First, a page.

Big bucks may decide the close Senate race in Washington
Sen. Patty Murray faces GOP challenger, Rep. Linda Smith
By Brooks Jackson/CNN
SEATTLE (October 20) -- In the shadow of Mt. Ranier, in the state of Washington, it's the year of the women. Democratic Sen. Patty Murray is fighting for re-election against Republican Rep. Linda Smith. The only certainty in this race -- a woman will win.
Six years ago Murray was the "mom in tennis shoes," the everywoman who got it in a way no male senator could.
Now -- despite better shoes -- she's struggling, garnering barely more than 50 percent in the polls.
"I am the only senator in the history of this country to be a pre-school teacher before I became a United States senator," Murray tells an amused audience.
Even supporters admit her Senate record is mediocre. A newspaper endorsing her said her grasp of issues is "much improved" despite a "slow learning curve."
And Murray's support is soft compared to Smith's devoted followers who once gathered 40,000 write-in votes in 10 days, allowing her to win a House primary.
Murray's big advantage is money and lots of negative TV ads. Nearly $1 million in "issue ads" attacking Smith, financed by the Democratic party
"Smith voted against Head Start. Smith voted against school lunches," touts an ad sponsored by the Washington State Democrats.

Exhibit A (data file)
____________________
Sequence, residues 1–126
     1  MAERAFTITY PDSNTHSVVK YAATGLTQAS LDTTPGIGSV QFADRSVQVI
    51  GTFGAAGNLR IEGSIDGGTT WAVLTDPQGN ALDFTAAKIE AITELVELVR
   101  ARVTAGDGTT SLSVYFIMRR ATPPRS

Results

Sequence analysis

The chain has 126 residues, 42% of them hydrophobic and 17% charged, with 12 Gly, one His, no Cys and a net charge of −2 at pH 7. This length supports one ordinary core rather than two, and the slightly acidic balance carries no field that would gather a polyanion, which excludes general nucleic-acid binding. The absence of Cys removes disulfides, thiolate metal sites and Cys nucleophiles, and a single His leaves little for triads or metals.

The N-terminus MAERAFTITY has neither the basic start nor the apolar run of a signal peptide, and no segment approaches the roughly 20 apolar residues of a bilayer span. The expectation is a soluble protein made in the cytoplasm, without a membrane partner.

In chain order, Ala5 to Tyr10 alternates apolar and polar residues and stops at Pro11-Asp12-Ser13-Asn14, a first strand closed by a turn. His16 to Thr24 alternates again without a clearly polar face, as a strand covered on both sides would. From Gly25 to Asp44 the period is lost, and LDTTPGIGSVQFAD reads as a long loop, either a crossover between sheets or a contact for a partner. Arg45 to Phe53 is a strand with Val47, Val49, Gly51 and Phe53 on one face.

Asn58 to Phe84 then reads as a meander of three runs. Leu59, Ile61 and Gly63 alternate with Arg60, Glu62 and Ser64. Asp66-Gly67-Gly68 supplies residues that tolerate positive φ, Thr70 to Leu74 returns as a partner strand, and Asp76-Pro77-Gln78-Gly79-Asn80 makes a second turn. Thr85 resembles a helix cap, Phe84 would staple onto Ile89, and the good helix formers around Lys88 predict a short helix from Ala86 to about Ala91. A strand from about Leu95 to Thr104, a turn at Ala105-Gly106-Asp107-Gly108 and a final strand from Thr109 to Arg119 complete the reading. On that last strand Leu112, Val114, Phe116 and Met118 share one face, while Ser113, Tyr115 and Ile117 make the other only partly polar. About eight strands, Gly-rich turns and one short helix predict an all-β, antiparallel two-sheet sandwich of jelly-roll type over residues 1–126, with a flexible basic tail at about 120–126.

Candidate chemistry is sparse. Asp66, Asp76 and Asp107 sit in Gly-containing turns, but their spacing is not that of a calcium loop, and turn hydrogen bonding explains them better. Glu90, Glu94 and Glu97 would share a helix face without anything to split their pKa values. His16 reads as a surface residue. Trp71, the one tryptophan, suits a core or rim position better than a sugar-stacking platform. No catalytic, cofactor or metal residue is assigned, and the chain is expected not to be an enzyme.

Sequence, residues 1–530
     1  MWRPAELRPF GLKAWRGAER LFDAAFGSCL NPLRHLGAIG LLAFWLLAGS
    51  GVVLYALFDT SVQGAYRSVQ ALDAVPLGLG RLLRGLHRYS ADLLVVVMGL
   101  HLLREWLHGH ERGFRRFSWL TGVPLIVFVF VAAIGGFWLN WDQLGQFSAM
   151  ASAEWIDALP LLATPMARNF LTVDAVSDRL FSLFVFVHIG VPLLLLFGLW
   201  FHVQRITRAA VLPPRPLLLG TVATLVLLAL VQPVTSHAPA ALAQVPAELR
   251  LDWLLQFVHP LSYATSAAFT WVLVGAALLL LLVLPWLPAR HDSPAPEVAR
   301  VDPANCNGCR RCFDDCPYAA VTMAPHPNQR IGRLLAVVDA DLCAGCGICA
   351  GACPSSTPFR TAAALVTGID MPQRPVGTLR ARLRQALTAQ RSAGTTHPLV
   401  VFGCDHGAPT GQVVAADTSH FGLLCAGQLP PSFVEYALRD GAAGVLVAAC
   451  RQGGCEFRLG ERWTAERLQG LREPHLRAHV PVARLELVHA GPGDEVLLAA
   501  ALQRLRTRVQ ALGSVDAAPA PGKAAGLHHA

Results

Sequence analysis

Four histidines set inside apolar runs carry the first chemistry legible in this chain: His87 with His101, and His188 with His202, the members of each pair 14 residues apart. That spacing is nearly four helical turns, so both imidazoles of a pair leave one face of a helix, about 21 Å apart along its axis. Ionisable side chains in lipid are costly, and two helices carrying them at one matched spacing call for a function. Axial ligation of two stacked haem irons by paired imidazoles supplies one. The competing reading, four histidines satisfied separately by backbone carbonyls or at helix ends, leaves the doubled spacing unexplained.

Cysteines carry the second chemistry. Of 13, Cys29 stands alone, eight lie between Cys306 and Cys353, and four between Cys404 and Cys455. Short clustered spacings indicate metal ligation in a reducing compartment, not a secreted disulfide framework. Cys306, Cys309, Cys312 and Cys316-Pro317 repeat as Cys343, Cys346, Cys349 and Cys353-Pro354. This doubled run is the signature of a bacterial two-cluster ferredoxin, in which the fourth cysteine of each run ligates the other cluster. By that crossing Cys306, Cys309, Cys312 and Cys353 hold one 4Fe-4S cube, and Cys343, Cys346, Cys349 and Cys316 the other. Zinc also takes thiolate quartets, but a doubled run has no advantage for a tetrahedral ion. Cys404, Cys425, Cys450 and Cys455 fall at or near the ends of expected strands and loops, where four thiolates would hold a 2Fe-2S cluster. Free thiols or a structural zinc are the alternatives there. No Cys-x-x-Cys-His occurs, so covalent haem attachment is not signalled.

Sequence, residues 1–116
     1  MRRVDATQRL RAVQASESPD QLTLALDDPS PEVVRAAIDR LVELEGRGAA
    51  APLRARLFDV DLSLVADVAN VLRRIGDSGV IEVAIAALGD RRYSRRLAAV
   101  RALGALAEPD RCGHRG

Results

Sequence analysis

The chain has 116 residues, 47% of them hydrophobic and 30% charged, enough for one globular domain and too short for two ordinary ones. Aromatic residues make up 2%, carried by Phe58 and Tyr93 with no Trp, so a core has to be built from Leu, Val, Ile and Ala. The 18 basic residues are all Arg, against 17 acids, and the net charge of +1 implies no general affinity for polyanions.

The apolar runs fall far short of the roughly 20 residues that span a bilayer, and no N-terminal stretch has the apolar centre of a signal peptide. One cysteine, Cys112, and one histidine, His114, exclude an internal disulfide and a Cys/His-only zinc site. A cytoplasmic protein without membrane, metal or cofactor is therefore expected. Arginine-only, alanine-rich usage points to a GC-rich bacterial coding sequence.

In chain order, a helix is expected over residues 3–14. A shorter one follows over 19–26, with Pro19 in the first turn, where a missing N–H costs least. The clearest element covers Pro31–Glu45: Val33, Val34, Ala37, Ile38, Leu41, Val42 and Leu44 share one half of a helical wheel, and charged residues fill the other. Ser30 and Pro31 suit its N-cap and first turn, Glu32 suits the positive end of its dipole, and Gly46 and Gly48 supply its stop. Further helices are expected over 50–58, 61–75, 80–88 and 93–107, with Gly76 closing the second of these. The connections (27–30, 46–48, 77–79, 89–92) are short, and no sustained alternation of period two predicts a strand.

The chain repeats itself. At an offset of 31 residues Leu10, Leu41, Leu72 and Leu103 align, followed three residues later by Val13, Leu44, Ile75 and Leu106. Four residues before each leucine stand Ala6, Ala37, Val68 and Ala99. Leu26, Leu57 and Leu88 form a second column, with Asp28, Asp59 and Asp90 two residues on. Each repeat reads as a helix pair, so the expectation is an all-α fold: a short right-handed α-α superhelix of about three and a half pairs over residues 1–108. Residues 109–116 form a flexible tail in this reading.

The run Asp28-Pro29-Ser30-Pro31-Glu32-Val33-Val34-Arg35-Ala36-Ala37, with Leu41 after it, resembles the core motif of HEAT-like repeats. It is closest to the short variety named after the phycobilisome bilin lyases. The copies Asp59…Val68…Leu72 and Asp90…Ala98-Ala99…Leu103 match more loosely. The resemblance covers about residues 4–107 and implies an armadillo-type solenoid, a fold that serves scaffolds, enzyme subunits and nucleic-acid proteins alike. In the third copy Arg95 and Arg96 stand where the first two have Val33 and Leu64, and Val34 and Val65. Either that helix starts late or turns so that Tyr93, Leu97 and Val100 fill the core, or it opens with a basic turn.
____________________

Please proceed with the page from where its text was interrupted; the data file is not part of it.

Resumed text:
Smith demanded more than a dozen debates but Murray agreed to only one, that was broadcast during a World Series game.
While Murray's campaign ran this ad: "Linda Smith has voted to cut Medicare to give tax breaks to millionaires," that attack angered at least one Smith supporter.
"Negative ads. They love negative ads," former GOP presidential candidate Bob Dole said at a Smith campaign event. "They've got a lot of money and run a lot of them. Tear people down."
"This will be interesting to see if she can run a total, media-only campaign, with just negative ads. And hide. Or whether that's going to be her last race," Smith said
These two women disagree on nearly everything: Smith is anti-abortion, against state hiring preferences for minorities and women, opposed to hate-crime legislation, against most-favored-nation trade status for China. The opposite of Murray.
Smith does agree with Murray on campaign finance legislation. And that may be why Republican Campaign Chairman Mitch McConnell (R-Kentucky) is withholding party money from Smith.
"They tell us they do not have enough money at this point to fully fund this race," said Dale Foreman, Washington state's Republican party chairman.
But when asked if he believes that lack of funds is the real reason the GOP pocketbook has been closed to Smith, Foreman admits, "I'm skeptical. I think that they have made a decision that Linda is (an) outspoken opponent of campaign finance reform."
McConnell did send $100,000 after that, but is still withholding the full $440,000 the party could legally give.
Smith's ads are seen far less frequently than Murray's, partly because she refuses to take political action committee money while Murray took in more than $500,000 from PACs -- with no apologies.
"I am working very hard to win this election," Murray says. "I want to be back in the U.S. Senate. I want to be there when we talk about health care next year. I want to be there when we decide the future of social security."
Murray's PAC money and party support add up to nearly a $2-million advantage over Smith. Murray's election six years ago heralded the year of the woman. If she's re-elected it may remembered here as the year of the big bucks.
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